The Dutch flag carrier KLM says it could be forced to cancel an additional 2,040 flights from now until the end of August due to enduring staff shortages and “relentless” pressure at its Amsterdam hub.
The airline has already been forced to draw back its planned summer schedule and add artificial capacity caps on flights out of Schiphol airport but on Friday, a KLM spokesperson said these measures were not enough.
In a statement, the airline said it planned to cancel between 10 and 20 return flights per day until the end of August in order to relieve pressure at airport security checkpoints.
The additional cancellations will also make it easier for KLM to crew its remaining flights with pilots and flight attendants, as well as service the flights with baggage handlers, refuellers, engineers and other ground staff.
The cancellations will mainly impact European short-haul routes and in particular, destinations that are served by multiple flights per day. KLM will, however, be forced to “strongly restrict” the sale of new tickets on these routes to make it easier to rebook passengers whose flights have been cancelled.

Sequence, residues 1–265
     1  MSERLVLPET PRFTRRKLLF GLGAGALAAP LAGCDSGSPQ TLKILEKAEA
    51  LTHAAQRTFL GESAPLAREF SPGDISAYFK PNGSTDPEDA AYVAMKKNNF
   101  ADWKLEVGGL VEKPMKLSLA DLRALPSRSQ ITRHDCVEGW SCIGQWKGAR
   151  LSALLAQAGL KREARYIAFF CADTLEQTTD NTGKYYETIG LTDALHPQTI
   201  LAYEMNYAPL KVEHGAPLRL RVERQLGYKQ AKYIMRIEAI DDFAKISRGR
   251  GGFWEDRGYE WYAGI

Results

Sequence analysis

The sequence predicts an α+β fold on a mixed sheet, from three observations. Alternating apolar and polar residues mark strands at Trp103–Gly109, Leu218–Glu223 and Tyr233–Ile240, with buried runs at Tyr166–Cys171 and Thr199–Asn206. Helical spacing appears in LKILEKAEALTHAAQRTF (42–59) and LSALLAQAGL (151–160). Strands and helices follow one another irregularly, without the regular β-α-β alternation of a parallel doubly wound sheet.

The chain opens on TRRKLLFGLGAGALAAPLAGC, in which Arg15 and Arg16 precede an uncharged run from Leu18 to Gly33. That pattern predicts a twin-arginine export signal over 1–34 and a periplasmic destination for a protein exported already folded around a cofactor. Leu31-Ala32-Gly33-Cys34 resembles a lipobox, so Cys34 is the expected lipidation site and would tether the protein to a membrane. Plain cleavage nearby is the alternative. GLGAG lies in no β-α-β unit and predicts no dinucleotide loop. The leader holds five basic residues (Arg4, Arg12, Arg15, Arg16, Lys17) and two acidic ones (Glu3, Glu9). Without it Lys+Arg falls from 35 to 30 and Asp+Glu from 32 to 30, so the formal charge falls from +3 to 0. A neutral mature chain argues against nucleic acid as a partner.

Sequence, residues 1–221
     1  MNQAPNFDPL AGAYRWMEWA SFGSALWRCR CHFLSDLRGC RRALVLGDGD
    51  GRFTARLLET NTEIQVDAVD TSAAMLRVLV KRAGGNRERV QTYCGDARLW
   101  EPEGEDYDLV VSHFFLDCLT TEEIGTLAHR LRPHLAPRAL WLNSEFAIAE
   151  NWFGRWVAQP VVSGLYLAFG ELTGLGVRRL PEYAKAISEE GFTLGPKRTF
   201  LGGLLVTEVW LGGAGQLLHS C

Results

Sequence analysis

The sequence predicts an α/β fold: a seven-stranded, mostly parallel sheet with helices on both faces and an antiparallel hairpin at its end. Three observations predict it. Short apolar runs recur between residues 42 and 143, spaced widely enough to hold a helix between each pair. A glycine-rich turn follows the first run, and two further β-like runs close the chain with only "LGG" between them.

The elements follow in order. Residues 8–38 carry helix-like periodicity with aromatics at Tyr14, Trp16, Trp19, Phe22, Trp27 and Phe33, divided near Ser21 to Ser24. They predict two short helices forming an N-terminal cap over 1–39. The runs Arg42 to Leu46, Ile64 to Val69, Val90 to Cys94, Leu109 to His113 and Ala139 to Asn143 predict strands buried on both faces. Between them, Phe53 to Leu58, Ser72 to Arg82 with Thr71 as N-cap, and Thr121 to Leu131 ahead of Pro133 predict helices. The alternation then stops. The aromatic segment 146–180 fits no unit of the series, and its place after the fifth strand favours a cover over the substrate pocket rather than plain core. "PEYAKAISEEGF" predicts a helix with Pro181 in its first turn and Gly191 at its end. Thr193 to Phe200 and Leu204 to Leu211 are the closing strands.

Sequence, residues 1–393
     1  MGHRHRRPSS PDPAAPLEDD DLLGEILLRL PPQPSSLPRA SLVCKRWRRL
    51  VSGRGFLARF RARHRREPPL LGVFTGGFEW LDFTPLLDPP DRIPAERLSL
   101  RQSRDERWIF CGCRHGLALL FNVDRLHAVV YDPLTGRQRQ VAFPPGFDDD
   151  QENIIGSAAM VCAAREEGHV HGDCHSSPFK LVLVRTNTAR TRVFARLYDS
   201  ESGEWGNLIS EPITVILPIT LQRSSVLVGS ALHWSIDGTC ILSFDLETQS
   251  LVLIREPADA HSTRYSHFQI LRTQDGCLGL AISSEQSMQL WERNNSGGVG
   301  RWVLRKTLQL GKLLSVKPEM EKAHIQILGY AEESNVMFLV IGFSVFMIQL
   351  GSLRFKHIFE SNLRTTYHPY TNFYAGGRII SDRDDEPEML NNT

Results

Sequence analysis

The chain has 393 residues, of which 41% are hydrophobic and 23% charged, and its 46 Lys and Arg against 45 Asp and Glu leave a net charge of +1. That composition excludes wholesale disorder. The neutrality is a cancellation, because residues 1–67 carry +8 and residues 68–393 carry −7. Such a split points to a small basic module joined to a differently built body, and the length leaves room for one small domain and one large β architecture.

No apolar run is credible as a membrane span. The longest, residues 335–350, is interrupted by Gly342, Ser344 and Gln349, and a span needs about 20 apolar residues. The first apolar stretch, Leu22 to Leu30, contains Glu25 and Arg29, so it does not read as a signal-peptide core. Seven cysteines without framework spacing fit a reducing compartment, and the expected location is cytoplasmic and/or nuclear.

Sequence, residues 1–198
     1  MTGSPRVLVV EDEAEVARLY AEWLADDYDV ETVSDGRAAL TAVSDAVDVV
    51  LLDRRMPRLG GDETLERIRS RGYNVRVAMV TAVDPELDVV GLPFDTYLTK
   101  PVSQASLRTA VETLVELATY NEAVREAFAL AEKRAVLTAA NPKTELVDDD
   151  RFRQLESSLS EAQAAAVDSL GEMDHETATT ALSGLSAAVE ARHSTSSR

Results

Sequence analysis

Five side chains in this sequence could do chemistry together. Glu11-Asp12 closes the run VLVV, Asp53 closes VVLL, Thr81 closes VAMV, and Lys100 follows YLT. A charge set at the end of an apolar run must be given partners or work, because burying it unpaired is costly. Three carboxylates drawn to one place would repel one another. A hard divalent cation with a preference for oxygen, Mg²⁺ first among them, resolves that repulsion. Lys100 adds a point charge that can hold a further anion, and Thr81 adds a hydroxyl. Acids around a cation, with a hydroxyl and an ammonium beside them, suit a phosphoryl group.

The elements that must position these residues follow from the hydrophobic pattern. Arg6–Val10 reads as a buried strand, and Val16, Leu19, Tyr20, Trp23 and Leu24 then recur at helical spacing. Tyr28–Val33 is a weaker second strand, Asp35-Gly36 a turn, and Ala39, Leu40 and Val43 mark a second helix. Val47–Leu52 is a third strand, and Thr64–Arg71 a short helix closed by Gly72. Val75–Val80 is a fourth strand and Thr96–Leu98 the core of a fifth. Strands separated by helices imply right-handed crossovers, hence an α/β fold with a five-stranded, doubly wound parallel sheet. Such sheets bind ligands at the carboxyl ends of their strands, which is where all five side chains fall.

Earlier this week, video emerged of huge lines of passengers at Schiphol airport waiting to get through security checkpoints. The queues, which stretch well outside the terminal building and even beyond temporary shelters erected by the airport, are estimated to take between three and five hours to get through.
Schiphol has demanded that airlines flying to Amsterdam artificially cap passenger numbers on flights to reduce demand at the airport, although there is hope that those caps will be raised in August.
On Thursday, Lufthansa said it was cancelling an additional 900 flights short-haul flights from its Frankfurt and Munich hubs in July alone. The vast majority of cancellations will impact flights scheduled to depart on a Friday, Saturday or Sunday.
The day before, British Airways announced plans to cancel 10,300 flights between now and the end of October. The airline has until the end of Friday to finalise its cancellations without being punished after the UK government announced an ‘amnesty’ on giving up takeoff and landing ‘slots’ for the rest of the summer period.
Mateusz Maszczynski honed his skills as an international flight attendant at the most prominent airline in the Middle East and has been flying throughout the COVID-19 pandemic for a well-known European airline. Matt is passionate about the aviation industry and has become an expert in passenger experience and human-centric stories. Always keeping an ear close to the ground, Matt's industry insights, analysis and news coverage is frequently relied upon by some of the biggest names in journalism.